The Cambrian Wildwood group comprises the many people who have contributed by planting trees or carrying out other work or donating money. The project is run by a small team and managed by the Trustees of Wales Wild Land Foundation. It is very much a local community initiative, despite its national significance and international interest.
Sue a Town Councillor for Aberystwyth and in 2009 she was Mayor of the town. She grew up in Pembrokeshire and as a child roamed the Preselly mountains. Her love of that wilderness and the freedom it brought has never left her.
She is a founder member of GAG (Greener Aberystwyth Group ); a group set up to protect the tree population in Aberystwyth, planting trees in schools and encouraging their presence in new developments. GAG has been particularly active in promoting and supporting the scheme to plant trees on the approach road to Aberystwyth, which resulted in a three year grant from the Assembly government. The need to promote and sustain the countryside has never been more urgent or necessary. She is delighted to be part of this visionary scheme to restore the welsh countryside back to its original wild roots.
George is a writer and environmentalist who writes a weekly column for The Guardian newspaper and is the author of several books, including his most recent publication – Feral: Searching for enchantment on the frontiers of rewilding.
He is also a keen gardener and sea-kayaker.
For a more comprehensive biography see http://www.monbiot.com/about/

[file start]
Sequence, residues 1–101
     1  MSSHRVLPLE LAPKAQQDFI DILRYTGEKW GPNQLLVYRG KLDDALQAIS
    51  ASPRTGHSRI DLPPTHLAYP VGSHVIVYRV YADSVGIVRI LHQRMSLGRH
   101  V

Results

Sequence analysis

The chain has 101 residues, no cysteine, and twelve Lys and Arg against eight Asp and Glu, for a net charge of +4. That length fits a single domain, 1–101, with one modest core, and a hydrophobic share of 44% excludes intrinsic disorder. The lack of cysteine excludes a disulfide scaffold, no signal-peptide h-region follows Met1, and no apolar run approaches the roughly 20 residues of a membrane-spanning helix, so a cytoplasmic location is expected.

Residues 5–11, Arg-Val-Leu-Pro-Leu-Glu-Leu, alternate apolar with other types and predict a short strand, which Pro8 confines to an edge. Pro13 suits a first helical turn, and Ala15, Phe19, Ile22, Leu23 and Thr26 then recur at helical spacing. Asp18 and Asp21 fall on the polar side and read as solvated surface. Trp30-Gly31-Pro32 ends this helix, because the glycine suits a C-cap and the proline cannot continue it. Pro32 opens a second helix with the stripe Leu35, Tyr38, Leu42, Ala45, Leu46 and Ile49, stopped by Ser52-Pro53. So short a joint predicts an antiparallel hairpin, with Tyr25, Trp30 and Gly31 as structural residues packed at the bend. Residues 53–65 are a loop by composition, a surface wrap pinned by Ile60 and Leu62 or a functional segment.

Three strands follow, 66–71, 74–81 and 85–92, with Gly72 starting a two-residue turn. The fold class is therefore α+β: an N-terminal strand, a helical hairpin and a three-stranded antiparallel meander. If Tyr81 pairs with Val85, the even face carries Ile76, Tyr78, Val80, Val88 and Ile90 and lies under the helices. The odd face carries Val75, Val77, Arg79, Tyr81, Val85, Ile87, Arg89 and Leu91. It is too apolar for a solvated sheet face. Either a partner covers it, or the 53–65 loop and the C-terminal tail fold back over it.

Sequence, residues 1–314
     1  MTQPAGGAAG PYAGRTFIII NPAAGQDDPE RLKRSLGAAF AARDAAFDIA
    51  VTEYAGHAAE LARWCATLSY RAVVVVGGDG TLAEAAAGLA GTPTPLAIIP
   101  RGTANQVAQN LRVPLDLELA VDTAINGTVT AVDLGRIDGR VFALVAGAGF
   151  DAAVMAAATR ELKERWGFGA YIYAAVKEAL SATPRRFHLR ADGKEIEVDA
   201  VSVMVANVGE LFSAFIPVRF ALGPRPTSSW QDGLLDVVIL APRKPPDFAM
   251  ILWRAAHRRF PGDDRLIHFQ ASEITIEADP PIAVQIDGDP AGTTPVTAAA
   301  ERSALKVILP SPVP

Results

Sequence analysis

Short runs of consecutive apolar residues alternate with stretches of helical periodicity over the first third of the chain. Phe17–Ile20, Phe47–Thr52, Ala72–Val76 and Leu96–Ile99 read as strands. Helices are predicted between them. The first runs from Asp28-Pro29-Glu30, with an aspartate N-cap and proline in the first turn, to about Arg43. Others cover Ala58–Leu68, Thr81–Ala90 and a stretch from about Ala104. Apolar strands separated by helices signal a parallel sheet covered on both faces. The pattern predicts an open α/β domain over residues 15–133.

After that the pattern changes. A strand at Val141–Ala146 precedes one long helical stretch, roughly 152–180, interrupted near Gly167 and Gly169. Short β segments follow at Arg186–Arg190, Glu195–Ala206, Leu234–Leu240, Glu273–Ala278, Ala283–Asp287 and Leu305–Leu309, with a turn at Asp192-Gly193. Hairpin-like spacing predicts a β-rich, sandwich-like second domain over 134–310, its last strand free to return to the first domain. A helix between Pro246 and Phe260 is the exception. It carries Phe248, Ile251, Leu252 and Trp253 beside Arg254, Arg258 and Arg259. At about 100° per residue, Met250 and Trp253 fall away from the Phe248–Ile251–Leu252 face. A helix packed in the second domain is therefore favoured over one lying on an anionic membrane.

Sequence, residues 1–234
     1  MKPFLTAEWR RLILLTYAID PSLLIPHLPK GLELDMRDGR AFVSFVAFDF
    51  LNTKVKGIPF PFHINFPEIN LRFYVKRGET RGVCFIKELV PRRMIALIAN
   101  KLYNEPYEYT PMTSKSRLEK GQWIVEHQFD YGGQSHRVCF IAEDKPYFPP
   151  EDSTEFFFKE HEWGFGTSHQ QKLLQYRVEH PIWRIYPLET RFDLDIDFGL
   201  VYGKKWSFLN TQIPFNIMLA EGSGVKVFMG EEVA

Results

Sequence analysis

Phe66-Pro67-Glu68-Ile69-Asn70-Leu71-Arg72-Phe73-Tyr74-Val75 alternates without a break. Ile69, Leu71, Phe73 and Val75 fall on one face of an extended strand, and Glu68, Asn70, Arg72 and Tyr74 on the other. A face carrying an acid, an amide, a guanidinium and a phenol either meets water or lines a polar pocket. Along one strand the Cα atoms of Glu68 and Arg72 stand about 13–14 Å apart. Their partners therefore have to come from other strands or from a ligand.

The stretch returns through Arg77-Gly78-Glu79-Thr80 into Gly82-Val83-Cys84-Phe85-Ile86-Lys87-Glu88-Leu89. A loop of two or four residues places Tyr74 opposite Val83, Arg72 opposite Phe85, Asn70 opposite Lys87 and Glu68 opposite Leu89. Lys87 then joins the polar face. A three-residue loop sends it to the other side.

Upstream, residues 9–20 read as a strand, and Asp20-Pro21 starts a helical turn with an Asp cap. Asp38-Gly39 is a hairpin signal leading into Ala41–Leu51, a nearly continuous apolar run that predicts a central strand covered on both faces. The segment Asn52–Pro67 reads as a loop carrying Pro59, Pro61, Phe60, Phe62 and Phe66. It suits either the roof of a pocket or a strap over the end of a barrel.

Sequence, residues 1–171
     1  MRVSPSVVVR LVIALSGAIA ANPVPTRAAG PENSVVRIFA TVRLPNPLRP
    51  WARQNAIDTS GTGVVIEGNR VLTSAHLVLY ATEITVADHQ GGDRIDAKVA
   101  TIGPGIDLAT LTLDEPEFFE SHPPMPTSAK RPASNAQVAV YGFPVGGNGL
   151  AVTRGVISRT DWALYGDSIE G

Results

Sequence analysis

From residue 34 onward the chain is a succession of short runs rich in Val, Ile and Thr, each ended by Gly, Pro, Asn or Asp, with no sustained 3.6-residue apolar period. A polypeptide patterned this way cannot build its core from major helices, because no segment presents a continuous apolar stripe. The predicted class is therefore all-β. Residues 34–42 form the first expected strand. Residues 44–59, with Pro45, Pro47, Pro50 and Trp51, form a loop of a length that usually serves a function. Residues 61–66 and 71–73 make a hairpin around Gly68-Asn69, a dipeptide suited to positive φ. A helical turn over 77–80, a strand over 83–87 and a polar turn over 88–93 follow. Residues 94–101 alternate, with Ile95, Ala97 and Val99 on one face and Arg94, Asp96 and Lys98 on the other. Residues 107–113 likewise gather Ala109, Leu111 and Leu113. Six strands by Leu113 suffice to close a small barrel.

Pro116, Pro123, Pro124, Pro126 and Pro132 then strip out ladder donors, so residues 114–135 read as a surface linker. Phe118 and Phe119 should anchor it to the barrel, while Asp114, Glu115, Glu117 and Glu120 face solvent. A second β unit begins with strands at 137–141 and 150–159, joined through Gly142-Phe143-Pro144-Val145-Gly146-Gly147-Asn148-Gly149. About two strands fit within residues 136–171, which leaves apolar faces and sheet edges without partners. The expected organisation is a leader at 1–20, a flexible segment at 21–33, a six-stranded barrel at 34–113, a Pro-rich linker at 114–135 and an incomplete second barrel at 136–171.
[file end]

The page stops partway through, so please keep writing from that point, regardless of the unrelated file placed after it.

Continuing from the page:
Jane is director of the Wales Institute for Sustainability at Trinity St David University. From 2007 to 2011 she was the Minister for Environment, Sustainability and Housing in the Welsh Government where she was responsible for the Welsh Government agreeing to make sustainable development its central organising principle. Prior to that Jane was Minister for Education and Lifelong Learning where she introduced several positive changes, such as an increased emphasis on learning outdoors. She was the Welsh vice-president of the Ramblers’ Association until 2007. Jane was the third most influential environmentalist in the UK for the Independent on Sunday in 2009 and is a member of WWF’s UK Council of Global Ambassadors.
Simon is a professional forester, specialising in the creation of new woodland areas and the management of native woodlands, including the restoration of plantations on ancient woodland sites. A founder member of the Wildland Network, he has been involved in the British rewilding movement for over 15 years.
Simon is motivated to play a part in repairing the damage to the natural world, by restoring habitats and making space for wildlife. His interests include bushcraft and exploring wild areas on foot and by canoe.
Mat is a Chartered Surveyor who deals with land and buildings for public sector organisations and companies and will be using this expertise to help secure the charity’s first purchase of land.
Having been brought up in a farming background Mat is keen to see traditional farming embrace alternative land uses which he hopes will improve the countryside for wildlife and the access to it.
Sophie is a researcher, writer and educationalist working in the fields of political-ecology; food and agriculture; governance and policy studies. Currently, she is Lecturer in Human Geography in the School of Natural Resources, Environment and Geography at Bangor University. Previously she was at the Department of Geography and Earth Sciences, Aberystwyth University, and at the Wales Rural Observatory undertaking policy research on rural land-use for the Welsh Government.